The innovation that Eavor brings to this is to drill both holes at once and to continually operate two drills in parallel. These drills have radio communication between one another so that they always know where each other is, and where the other drill head has already been, so they cannot inadvertently cross.

NREL’s report says that in order to get the cost of electricity below $70 per MWh it requires a geothermal gradient of 60°C per kilometer and lateral drilling cost below $400 per meter which in turn implies a drill bit life of 50 hours of drilling as a minimum, and while it agrees that this has been achieved elsewhere, it remains unsure and says that “it is unclear if these conditions are still valid for drilling the Eavorloop 2.0 laterals because they go to a vertical depth of 4 km to 7.5 km through rock temperatures up to 460°C. As we said Eavorloop 2.0 is very different from the lite version.

The NREL paper also suggests that a big enough Rankine Engine will set the buyer back $21.5 million, drilling the laterals might cost as much as $50 million, and drilling the two original boreholes another $10 million – for a total of around $81.5 million – all for a single load of 9 MWe or up to 65 MW thermal capacity.

The Eavor test site was a 2.4 km deep U-loop configuration with two horizontal laterals of 1.7 km length each, with a bottom-hole temperature of only 78°C, and the thermal output was just 800 kWth – so the variation from the pilot to the completed Eavorloop 2.0 is considerable.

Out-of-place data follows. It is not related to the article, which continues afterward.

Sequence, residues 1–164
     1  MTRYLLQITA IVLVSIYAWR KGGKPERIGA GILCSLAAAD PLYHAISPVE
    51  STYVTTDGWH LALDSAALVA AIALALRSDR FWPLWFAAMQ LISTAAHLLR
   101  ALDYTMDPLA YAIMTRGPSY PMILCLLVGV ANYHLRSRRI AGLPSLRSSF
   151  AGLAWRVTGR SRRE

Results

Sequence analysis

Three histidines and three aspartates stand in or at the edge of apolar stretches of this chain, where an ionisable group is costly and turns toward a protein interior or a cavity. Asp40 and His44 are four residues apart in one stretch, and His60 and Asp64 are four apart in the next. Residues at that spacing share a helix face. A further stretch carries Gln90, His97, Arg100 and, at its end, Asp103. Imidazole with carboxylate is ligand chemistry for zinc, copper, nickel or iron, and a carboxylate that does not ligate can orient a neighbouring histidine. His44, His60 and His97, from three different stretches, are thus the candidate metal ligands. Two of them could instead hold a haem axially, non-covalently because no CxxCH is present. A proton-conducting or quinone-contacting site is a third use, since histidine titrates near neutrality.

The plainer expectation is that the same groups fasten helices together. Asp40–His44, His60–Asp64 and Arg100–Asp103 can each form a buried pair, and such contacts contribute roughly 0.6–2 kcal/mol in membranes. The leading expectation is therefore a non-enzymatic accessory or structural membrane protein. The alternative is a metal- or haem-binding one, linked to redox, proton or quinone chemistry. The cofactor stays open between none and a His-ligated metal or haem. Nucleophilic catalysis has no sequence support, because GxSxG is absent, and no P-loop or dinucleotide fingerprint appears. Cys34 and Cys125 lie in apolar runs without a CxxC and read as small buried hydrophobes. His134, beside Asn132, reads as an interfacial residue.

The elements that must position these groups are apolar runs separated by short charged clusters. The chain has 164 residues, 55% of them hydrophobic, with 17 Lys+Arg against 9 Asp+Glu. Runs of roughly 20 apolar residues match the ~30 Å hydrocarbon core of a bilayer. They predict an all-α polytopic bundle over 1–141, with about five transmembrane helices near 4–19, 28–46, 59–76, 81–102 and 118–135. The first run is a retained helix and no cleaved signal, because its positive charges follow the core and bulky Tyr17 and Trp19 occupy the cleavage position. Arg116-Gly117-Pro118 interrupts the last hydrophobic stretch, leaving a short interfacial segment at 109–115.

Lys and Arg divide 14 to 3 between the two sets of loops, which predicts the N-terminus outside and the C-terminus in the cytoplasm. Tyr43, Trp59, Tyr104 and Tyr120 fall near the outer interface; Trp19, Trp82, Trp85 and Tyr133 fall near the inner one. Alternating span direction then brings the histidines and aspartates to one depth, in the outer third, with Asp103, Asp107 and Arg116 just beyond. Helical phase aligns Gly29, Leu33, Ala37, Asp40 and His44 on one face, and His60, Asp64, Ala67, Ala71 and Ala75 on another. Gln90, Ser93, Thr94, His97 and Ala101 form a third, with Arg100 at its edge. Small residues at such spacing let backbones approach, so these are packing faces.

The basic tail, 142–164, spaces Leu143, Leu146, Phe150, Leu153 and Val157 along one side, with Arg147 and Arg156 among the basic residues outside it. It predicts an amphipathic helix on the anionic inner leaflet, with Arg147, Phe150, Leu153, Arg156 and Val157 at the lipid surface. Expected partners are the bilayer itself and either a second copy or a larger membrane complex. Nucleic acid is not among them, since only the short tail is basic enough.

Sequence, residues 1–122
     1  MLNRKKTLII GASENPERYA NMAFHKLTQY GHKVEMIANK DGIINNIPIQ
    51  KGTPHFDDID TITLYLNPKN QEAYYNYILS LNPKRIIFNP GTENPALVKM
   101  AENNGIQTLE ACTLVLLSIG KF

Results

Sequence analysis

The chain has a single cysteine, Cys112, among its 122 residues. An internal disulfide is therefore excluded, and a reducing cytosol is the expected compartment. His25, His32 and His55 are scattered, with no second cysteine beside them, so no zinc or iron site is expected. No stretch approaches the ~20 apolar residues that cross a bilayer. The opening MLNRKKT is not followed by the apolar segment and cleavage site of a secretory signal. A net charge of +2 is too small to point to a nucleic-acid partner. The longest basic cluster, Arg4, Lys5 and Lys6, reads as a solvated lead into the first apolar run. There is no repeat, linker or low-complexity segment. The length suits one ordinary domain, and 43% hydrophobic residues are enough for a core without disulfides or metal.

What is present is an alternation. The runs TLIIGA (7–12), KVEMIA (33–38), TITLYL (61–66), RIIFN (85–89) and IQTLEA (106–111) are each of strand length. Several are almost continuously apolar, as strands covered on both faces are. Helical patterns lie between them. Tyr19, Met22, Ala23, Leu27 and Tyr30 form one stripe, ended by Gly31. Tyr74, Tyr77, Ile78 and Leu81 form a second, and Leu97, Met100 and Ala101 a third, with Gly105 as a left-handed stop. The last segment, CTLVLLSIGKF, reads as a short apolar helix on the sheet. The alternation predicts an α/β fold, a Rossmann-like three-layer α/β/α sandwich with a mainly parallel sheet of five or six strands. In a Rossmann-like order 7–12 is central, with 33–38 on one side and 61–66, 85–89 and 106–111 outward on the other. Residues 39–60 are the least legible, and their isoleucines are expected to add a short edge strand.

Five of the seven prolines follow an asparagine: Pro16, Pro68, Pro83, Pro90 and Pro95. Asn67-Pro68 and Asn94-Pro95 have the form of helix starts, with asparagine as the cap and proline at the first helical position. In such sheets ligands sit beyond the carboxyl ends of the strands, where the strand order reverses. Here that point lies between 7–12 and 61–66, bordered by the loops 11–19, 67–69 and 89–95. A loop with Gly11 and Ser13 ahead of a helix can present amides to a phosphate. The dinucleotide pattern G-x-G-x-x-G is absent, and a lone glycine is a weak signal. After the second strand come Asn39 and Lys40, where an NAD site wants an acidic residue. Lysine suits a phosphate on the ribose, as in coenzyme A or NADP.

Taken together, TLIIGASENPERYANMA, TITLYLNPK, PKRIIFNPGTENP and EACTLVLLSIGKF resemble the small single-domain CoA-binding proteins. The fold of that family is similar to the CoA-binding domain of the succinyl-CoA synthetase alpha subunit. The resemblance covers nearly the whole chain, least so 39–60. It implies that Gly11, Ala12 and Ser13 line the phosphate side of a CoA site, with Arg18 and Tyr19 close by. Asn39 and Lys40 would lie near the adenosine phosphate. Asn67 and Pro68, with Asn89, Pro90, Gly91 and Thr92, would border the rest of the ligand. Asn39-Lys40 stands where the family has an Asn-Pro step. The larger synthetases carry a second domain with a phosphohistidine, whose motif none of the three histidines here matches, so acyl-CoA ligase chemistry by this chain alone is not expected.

Mölk is in charge of the latest European site that Eavor is building in Germany which will adhere to this new format and here he reminds us “that the first Tesla was not cheap and cost several hundreds of thousands of dollars, and it was not perhaps until the 7th or 8th Car before the cost came down.” More likely the cost of the first Tesla was several $millions and it was not until the 700th or 800th car that thing swung into profit, but we get his point.

Mölk takes all of this history as a given, and is happy to confess that the site he is working on will have an LCOE of $252 per MWh – but emphasizes “we have multiple paths to get this down to $50 to $70. He also tells us that in funding terms, we have missed a round, which was led by Chubu Electric Power of Japan for a further $30 million just last month, and that the company is already preparing for its Series B funding round which is likely to be much larger. Already the company has soaked up over $100 million in funding.

Chubu Electric is clearly interested in any technology that could potentially lead to Japan not paying through the nose for fuels forever for its energy supply. Today it is the largest importer of natural gas after China, which has just overtaken it, which explains its passion for nuclear in the past. Both Japan and Korea has similar low native supply of fuels and deep water surrounding them making sea bed offshore wind farms virtually impossible, forcing the country into renewables which float – solar on land lakes and wind in the sea, as its only way to get off natural gas imports.